Sense Making for Asset Management
As pressures mount on the time available for managers and engineers to collate and review data, it makes sense for them to concentrate where their expertise and attention is needed: not on the greater than 90 percent of data that is normal, but on the less than 10 percent of data that is anomalous.
Analyzing data requires limits on values plus understanding what the data means. Ken Wyper, a colleague in substation asset management, writes a useful view from the field in “Condition Monitoring in the Real World.”
“Online devices are intended to collect data, but the modern focus is on “Ëœplug and play’ where you install it and sit back and watch the benefits roll in,” Wyper writes. “Online monitors collect a lot of data and that requires a lot of analysis. Tools to make this task simpler to manage and interpret are vitally important to the success of any online monitoring project. This again, is very closely related to the need to understand how the monitor actually derives its data from the quantities it measures.”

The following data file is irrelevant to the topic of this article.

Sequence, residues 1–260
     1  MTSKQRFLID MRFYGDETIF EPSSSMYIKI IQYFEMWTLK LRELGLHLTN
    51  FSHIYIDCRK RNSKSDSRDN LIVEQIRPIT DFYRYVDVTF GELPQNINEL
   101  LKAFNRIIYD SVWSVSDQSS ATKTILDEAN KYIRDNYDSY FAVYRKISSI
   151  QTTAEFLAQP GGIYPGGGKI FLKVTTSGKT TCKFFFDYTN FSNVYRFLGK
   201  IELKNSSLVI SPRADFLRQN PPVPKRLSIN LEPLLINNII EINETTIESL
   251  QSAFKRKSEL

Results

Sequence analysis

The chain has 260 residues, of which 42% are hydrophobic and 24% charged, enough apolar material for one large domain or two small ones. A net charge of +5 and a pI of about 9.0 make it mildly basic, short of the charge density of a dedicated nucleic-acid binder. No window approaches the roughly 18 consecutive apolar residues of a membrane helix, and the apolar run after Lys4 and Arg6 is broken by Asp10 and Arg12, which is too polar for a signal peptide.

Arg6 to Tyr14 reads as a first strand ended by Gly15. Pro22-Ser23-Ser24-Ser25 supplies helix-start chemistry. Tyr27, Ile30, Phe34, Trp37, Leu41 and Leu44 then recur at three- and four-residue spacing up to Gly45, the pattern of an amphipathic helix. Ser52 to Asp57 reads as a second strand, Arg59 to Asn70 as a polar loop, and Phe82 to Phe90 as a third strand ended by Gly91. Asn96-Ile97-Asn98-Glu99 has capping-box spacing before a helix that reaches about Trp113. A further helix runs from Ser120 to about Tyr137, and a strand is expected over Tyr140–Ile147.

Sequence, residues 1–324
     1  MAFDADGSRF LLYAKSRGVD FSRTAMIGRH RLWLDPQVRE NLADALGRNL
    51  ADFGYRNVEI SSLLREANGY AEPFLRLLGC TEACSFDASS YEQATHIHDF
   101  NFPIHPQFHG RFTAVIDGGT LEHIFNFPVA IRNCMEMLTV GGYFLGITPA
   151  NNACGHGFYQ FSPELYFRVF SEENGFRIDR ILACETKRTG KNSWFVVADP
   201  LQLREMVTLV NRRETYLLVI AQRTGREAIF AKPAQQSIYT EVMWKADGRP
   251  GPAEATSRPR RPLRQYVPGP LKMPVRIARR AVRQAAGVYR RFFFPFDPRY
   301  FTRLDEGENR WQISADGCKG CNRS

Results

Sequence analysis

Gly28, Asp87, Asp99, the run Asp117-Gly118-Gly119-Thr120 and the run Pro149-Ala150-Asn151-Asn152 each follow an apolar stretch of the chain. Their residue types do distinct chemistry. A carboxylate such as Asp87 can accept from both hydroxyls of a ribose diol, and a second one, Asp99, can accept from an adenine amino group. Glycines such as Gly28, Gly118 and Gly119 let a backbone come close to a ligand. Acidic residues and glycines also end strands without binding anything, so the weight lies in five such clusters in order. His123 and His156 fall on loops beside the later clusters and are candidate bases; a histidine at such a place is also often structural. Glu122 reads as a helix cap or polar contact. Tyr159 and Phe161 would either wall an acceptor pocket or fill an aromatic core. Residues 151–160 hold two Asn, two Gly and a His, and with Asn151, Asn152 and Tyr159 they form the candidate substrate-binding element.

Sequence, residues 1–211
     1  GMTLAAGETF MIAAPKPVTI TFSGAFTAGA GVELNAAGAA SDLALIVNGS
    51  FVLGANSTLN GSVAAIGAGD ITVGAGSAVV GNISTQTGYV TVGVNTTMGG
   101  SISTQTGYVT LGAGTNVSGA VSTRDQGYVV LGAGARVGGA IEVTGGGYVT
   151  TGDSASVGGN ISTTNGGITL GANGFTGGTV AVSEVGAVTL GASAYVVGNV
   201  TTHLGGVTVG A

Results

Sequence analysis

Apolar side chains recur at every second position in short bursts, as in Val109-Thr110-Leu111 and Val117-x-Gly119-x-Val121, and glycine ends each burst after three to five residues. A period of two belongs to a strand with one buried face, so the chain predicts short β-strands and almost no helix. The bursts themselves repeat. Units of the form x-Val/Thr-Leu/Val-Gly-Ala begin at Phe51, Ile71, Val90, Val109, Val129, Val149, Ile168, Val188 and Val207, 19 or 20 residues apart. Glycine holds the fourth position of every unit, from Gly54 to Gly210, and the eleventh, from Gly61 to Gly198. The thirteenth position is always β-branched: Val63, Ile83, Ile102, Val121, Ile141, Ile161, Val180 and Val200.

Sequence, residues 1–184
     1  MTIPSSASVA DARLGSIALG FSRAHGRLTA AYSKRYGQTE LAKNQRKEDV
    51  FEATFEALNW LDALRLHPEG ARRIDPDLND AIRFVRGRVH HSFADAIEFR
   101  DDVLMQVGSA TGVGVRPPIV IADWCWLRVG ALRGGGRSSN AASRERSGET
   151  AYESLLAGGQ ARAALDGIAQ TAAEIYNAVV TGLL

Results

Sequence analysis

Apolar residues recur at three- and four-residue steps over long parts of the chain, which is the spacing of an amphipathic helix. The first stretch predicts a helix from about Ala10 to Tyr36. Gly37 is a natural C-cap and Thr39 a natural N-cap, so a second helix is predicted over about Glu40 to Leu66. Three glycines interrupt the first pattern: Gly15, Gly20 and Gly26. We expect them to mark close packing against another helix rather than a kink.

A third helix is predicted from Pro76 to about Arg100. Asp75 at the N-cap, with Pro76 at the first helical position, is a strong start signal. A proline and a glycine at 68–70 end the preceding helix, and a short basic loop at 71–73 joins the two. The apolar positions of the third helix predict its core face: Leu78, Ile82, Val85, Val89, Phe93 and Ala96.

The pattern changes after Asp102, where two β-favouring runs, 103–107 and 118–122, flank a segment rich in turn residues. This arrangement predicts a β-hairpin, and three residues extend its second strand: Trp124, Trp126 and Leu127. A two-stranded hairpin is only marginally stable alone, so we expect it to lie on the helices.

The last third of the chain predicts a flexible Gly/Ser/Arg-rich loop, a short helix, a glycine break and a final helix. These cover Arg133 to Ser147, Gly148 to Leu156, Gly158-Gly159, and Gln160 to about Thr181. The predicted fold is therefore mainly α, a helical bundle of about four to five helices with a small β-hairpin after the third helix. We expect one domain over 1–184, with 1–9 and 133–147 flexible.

That is, if you look only at the numbers, you might miss something.
Doble has been involved in asset management from the earliest years and brings practitioners together at the annual Asset and Maintenance Management Committee meetings and proves inputs to ISO 55000 developments.
With this experience and involvement, the company has developed an asset risk management system that proactively analyzes data and highlights anomaly in limits and complex analytics tuned to assets and their performance.
In Figure 7, the areas in which utilities should concentrate are identified through the graphical interface (GIS) with performance dashboards of long-term asset watch and recent alert lists generated.
These mean things won’t get forgotten when something new and exciting happens at a previously calm location.
Asset management benefits from good data available at the right decision point.